The answer: because it was 42 years gone, lost to an arsonist’s fire in 1977.
“That’s when it became a no-brainer to me that that had to be the subject matter,” Behrle says. From there, the art and narrative began to take shape. “There’s this history lost to the current generation, connecting the people of today’s Wailuku to just a generation ago’s Wailuku. Then, using the water, which has history infinite, to help make these connections and see how the water’s still flowing. These places come and go, these generations come and go, but the water still flows.”
However, even with a concept in mind, Behrle didn’t have a picture of the outside of the building, or a picture of the windows. The closest image he had was a black-and-white photo of the back of the church, looking toward the altar with part of the windows in the background. Behrle tells me he figured it’d just take a few hours of digging to fill in the missing design, but soon discovered he was wrong. “It was so hard,” he says.
The work to find images of the missing windows of Saint Anthony (who happens to be the patron saint of lost things), began. It became a community effort involving dozens of individuals and volunteers, and more than 30 hours of digging through files and photos. Behrle and STBA put out public calls for images, the Maui Historical Society was involved, and state libraries reached out to the parish and the diocese.
Still, Behrle “kept digging and digging and couldn’t find anything.” Then, he got a break. Mayor Michael Victorino was married in the church before the fire, and had photos from the wedding. He sent over about eight pictures, Behrle says, that included little details of the windows in the background of the ceremony. With these fading photos, an image of the outside of the church from around the 1930s, a Maui News photo of the burnt out window space, and his experience with Gothic art, Behrle was able to piece together the archway and stained glass design.
The experience illuminated the saying, “Ma ka hana ka ‘ike.” In working to find the material to base his installation off of, Behrle learned more about the community through the contacts he made.
“It was an effort of a lot of people to find the pictures, and I’m so thankful,” says Behrle. “That helped connect the community to the project before it even happened… That search for pictures was a really big part of getting early community buy-in. All these connections between everybody that ended up being a part of the project happened because I had to search for pictures.”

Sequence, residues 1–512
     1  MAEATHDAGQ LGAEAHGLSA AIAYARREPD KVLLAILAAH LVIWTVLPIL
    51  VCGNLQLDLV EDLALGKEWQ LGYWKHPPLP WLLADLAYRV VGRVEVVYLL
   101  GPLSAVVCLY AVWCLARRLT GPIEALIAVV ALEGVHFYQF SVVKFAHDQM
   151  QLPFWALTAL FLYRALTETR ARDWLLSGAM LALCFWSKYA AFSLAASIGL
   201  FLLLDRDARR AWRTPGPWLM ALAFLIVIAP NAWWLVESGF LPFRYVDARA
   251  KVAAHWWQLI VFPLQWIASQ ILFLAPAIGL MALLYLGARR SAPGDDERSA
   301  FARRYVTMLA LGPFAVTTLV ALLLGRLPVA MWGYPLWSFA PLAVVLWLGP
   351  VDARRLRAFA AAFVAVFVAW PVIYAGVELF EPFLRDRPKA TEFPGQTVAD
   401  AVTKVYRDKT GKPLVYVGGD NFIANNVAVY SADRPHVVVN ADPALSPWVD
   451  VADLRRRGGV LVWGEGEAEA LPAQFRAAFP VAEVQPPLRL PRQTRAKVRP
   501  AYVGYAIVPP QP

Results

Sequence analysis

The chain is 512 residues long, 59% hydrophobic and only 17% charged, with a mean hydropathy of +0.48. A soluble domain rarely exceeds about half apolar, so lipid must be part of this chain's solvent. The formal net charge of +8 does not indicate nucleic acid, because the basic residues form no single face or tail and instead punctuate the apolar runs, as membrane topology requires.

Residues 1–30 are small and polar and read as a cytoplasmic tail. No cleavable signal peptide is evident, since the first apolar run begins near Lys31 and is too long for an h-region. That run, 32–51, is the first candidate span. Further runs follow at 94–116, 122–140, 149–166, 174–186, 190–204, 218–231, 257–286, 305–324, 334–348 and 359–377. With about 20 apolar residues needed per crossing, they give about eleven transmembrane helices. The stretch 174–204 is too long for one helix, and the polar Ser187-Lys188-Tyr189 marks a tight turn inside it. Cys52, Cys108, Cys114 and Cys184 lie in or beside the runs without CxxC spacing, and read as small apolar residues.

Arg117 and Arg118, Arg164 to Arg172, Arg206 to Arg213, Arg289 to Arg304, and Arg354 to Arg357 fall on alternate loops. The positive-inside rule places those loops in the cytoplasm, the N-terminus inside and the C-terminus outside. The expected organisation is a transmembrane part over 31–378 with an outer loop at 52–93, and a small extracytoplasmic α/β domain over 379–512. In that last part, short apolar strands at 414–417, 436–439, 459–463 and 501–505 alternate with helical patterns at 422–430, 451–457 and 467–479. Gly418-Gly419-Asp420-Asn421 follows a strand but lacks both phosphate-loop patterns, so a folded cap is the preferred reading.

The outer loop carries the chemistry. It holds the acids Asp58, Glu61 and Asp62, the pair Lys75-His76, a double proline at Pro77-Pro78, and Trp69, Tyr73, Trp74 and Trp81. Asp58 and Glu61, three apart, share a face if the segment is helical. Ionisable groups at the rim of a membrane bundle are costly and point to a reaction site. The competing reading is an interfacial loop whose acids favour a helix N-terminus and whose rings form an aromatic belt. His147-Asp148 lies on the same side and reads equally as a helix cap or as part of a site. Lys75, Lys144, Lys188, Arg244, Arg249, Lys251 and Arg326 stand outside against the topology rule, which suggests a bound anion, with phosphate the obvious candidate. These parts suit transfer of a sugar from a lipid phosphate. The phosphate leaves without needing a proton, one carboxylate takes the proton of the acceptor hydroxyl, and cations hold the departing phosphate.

And like a wave, those connections birthed by “lost and found” ripple through the community. While fire destroyed the church decades ago, water, in the form of Behrle’s moving images, is bringing new life into the memory and history of a place.
“What I was really blown away by on Friday night was how many people walked up to me and said, ‘That’s St. Anthony’s window! That’s my parish. That’s where I was baptized, where I went to school,’” Behrle says. “Then, how it opened up the stories, and how something so simple as just seeing the window again, without me telling them that it was the window, they knew what it was and came right up to me and just wanted to talk story.”
Will the impact of “lost and found” end here, I ask Behrle, aware that his artwork’s three-hour premiere is pau, and the piece exists now as a data file in storage somewhere. “That interaction with people on Friday made me feel like a success,” he responds. “And it’s easy to say, ‘Oh that’s the night of the event’ and ‘OK, now I’m done.’”
“This one doesn’t feel like that. It feels like, ‘OK, how do we get more people involved? How do we bring it back to people and make sure that more people get to experience it?’ I feel honored to have been able to connect to Wailuku through this work, this way, and have a much better understanding of where I live.”
Learn more about Small Town Big Art at Smalltownbig.org
Cover design by Albert Cortez. Art by Andy Behrle.